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A protrusion of the intestines into an opening between the deep epigastric artery and the edge of the rectus muscle; (indirect) involves the internal inguinal ring and passes into the inguinal canal.


abdominal hernias can be present at birth, others develop later in life. Some involve pathways formed during fetal development, existing openings in the abdominal cavity, or areas of abdominalwall weakness


Any condition that increases the pressure of the abdominal cavity may contribute to the formation or worsening of a hernia. Examples include : obesity heavy lifting

straining during a bowel movement or urination, chronic lung disease, and

fluid in the abdominal cavity


There are two types of inguinal hernia direct and indirect, which are defined by their relationship to the inferior epigastric vessels Direct inguinal hernias occur medial to the inferior epigastric vessels when abdominal contents herniate through the external inguinal ring. Indirect inguinal hernias occur when abdominal contents protrude through the deep inguinal ring, lateral to the inferior epigastric vessels; this may be caused by failure of embryonic closure of the processus vaginalis.


Hernias present as bulges in the groin area that can become more prominent when coughing, straining, or standing up. They are rarely painful, and the bulge commonly disappears on lying down. The inability to "reduce", or place the bulge back into the abdomen usually means the hernia is 'incarcerated' which is a surgical emergency. Significant pain is suggestive of strangulated bowel (an incarcerated indirect inguinal hernia). As the hernia progresses, contents of the abdominal cavity, such as the intestines, can descend into the hernia and run the risk of being pinched within the hernia, causing an intestinal obstruction. If the blood supply of the portion of the intestine caught in the hernia is compromised, the hernia is deemed "strangulated," and gut ischemia and gangrene can result, with potentially fatal consequences


In men, indirect hernias follow the same route as the descending testes, which migrate from the abdomen into the scrotum during the development of the urinary and reproductive organs. The larger size of their inguinal canal, which transmitted the testicle and accommodates the structures of the spermatic cord, might be one reason why men are 25 times more likely to have an inguinal hernia than women. Although several mechanisms such as strength of the posterior wall of the inguinal canal and shutter mechanisms compensating for raised intra-abdominal pressure prevent hernia formation in normal individuals, the exact importance of each factor is still under debate


Most inguinal hernias enlarge over time if they're not repaired surgically. Large hernias can put pressure on surrounding tissues in men they may extend into the scrotum, causing pain and swelling. But the most serious complication of an inguinal hernia occurs when a loop of intestine becomes trapped in the weak point in the abdominal wall (incarcerated hernia). This may obstruct the bowel, leading to severe pain, nausea, vomiting and the inability to have a bowel movement or pass gas. It can also diminish blood flow to the trapped portion of the intestine a condition called strangulation that may lead to the death of the affected bowel tissues. A strangulated hernia is life-threatening and requires immediate surgery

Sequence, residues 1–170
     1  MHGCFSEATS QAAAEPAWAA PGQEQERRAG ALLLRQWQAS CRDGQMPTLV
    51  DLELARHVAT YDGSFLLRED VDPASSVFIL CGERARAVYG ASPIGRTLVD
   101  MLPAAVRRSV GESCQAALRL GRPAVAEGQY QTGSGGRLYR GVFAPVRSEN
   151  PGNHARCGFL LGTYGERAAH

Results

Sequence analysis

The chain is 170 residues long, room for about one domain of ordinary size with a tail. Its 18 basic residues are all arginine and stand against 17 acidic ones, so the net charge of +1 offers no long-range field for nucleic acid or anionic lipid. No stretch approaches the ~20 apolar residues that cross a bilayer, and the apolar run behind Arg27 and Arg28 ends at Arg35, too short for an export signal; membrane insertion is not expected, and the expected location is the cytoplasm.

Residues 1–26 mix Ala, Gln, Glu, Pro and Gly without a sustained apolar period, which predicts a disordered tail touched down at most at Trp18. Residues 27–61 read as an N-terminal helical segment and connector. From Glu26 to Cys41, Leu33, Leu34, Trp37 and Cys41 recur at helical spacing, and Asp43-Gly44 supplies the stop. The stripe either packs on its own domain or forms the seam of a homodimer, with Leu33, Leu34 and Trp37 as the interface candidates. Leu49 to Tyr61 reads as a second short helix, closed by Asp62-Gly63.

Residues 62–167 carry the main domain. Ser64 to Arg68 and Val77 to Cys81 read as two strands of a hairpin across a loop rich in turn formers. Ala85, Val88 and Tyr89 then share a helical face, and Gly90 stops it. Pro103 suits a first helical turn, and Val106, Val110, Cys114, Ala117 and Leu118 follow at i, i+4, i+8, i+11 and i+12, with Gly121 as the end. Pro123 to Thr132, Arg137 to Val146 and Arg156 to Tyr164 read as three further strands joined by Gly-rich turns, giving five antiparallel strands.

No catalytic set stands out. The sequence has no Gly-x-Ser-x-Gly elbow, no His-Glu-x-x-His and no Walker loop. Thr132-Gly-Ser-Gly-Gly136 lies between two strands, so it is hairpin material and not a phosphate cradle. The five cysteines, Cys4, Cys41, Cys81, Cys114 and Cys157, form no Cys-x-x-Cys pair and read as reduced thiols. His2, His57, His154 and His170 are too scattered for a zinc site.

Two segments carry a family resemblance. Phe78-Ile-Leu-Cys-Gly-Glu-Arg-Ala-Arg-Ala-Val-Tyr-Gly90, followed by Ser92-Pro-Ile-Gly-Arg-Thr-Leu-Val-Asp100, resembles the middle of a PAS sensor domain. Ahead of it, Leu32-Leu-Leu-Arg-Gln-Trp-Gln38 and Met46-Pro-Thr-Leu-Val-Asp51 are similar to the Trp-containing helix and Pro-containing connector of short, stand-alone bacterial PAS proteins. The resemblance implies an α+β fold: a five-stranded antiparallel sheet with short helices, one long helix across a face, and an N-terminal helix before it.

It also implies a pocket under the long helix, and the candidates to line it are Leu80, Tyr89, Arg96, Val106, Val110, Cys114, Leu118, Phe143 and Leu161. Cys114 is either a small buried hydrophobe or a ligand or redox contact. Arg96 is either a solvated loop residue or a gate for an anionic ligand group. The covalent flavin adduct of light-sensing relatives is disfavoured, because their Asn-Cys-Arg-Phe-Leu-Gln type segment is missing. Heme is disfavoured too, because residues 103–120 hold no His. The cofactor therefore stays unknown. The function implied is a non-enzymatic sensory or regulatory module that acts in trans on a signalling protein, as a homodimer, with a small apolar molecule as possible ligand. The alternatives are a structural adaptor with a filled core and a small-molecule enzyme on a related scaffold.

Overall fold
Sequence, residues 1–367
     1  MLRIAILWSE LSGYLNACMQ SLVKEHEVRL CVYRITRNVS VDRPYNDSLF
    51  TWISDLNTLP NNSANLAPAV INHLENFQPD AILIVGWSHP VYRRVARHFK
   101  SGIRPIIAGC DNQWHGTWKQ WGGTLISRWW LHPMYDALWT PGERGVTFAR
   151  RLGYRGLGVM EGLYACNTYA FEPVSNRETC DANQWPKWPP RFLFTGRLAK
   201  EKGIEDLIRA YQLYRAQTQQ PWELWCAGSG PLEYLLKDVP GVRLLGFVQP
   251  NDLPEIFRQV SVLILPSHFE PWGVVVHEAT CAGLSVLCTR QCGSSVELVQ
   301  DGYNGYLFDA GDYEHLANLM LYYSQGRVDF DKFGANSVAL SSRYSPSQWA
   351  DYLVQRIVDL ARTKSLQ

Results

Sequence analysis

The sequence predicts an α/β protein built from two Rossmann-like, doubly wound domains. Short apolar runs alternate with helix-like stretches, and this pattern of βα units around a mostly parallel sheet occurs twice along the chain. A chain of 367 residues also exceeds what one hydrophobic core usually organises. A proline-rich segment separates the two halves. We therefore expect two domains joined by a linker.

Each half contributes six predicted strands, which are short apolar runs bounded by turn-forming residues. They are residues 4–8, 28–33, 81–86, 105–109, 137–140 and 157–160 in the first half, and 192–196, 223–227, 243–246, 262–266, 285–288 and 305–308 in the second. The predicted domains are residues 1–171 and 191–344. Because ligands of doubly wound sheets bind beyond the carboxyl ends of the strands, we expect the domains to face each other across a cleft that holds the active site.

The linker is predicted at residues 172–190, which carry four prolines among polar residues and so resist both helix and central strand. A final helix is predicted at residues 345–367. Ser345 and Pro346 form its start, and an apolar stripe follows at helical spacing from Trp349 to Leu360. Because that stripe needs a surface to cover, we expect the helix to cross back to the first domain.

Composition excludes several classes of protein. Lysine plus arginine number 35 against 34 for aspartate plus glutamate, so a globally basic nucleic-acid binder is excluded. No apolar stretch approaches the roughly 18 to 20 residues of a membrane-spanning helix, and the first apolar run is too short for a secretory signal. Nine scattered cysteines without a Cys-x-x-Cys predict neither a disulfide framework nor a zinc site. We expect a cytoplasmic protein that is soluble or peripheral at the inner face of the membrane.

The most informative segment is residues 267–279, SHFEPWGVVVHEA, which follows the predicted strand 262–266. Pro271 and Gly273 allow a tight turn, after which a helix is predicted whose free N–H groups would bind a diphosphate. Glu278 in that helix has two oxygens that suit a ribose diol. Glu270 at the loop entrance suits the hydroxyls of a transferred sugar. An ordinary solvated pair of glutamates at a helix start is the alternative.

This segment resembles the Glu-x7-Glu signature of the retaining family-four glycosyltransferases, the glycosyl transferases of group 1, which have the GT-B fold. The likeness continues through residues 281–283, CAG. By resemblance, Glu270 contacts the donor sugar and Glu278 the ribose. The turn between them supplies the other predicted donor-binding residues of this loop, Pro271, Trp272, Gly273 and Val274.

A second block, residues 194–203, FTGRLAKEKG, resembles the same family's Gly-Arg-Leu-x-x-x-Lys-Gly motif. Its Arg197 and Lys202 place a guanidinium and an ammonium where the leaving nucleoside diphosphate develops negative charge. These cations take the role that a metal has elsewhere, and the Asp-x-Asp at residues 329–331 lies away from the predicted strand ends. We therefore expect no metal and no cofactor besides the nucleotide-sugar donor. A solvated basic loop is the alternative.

Morbidity is secondary to missing the diagnosis of the hernia or complications associated with management of the disease. A hernia can lead to an incarcerated and often obstructed bowel. The hernia also can lead to strangulated bowel with a compromised blood supply. Reduced strangulated bowel leads to persistent ischemia/necrosis with no clinical improvement. Surgical intervention is required to prevent further complications such as perforation and sepsis. Ensuing surgery to repair the hernia or its complications may leave the patient at risk for infection, future hernias, or intra-abdominal adhesions


In a patient with a large hernia, physical examination reveals an obvious swelling or lump in the inguinal area. In the patient with a small hernia, the affected area may simply appear full. Palpation of the inguinal area while the patient is performing Valsalvas maneuver confirms the diagnosis.


A patient history of sharp or catching pain when lifting or straining may help confirm the diagnosis. Suspected bowel obstruction requires X-rays and a white blood cell count (may be elevated).


If your hernia is small and isn't bothering you, your doctor may recommend a watch-and-wait approach. But enlarging or painful hernias usually require surgical repair to relieve discomfort and prevent serious complications. There are two general types of hernia operations: Herniorrhaphy. In this procedure, your surgeon makes an incision in your groin and pushes the protruding intestine back into your abdomen, then repairs the weakened or torn muscle by sewing it together. After the operation, you'll be encouraged to move about as soon as possible, but it may be as long as four to six weeks before you're able to fully resume your normal activities.


Hernioplasty. In this procedure, which is something like patching a tire, your surgeon inserts a piece of synthetic mesh to cover the entire inguinal area, including all potential hernia openings. The patch is usually secured with sutures, clips or staples.

We can't prevent the congenital defect that may lead to an inguinal hernia, but the following steps can help reduce strain on your abdominal muscles and tissues: Maintain a healthy weight Emphasize high-fiber foods Lift heavy objects carefully or avoid heavy lifting altogether. Stop smoking


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